Compared to 2014’s pugilistic commencement season, 2015’s pomp and circumstance have seemed positively decorous—at least on the surface.
Unlike last year, for instance, no online mobs have materialized to make a former secretary of state back out of giving a speech; no campus administrators have made embarrassingly high-profile withdrawals of invitations; and no uninvited speakers have subsequently had to publish their remarks elsewhere, like Cold War samizdats of yesteryear. Instead, almost without exception, Commencement 2015 has been a positively warm and cozy affair on one campus after another—if anything, anodyne to a fault.
But does this mean that academia learned a lesson from last year’s public-relations fiascos, and that American quads are now safe for free speech? A quick tour of the 2014-2015 school year suggests otherwise.
Pulitzer Prize-winning author George Will was welcomed with protests at Miami University in Ohio, uninvited to speak at Scripps College, and met protests before and during a speech at Michigan State University—all within a mere few weeks of one another. At Oberlin College in April, students reacted to a speech by American Enterprise Institute scholar and author Christina Hoff Sommers with protests and trigger warnings. Students also protested when Sommers spoke at Georgetown University that same month.
The list goes on. In her important new book, The Silencing: How the Left is Killing Free Speech, author Kirsten Powers analyzes such campus malignancies with surgical coolness and precision. The subtitle of Powers’s book is apt. There is no equal-opportunity assault on free speech today at college or anywhere else: The left is leading the charge. The Silencing also establishes just how far and wide the damage is done, both on college campuses and off.
“The people who purport to believe in tolerance, diversity, and free speech in fact act like intolerant fundamentalists projecting their own narrow-mindedness onto Christian groups who want merely to be left alone to practice their faith and serve their campus communities,” Powers writes.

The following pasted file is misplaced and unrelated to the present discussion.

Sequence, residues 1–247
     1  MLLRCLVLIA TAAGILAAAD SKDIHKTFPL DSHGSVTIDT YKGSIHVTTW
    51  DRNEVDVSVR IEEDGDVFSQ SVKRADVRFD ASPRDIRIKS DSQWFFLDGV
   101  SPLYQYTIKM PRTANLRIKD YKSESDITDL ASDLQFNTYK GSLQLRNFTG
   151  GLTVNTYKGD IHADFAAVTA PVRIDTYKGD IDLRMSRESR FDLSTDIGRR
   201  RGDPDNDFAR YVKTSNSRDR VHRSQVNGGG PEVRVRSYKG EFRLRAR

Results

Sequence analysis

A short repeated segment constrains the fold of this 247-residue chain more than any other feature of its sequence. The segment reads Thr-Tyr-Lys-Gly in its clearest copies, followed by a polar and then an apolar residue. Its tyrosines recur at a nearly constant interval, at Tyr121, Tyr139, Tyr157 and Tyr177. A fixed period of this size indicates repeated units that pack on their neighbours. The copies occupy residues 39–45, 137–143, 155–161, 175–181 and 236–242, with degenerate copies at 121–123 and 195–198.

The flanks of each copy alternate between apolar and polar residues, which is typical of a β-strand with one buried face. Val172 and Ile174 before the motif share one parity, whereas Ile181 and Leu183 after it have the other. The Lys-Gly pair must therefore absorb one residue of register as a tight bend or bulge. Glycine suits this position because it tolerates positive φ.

What’s going on? One answer may be that an increasingly secular age finds it harder to distinguish righteousness from self-righteousness. Simply feeling oneself to be in the right is not the same as doing what’s right by an external or objective standard. Christianity among other religions has insisted on exactly this moral distinction—and perhaps its waning power in Western society accounts in part for the conflation of these two separate things.
In one of the 2015 commencement speeches that does stand out this season—whose theme was the importance of free speech—author Ian McEwan told graduates at Dickinson College, “Being offended is not to be confused with a state of grace; it’s the occasional price we all pay for living in an open society.”
“Silencings” remain a problem no matter how unruffled most of 2015 commencement addresses appeared to be. If anything, the absence of controversy this year might be unsettling in its own right. After all, there may be something even worse than trying to scare people away from campus who think differently: making sure they aren’t invited in the first place.
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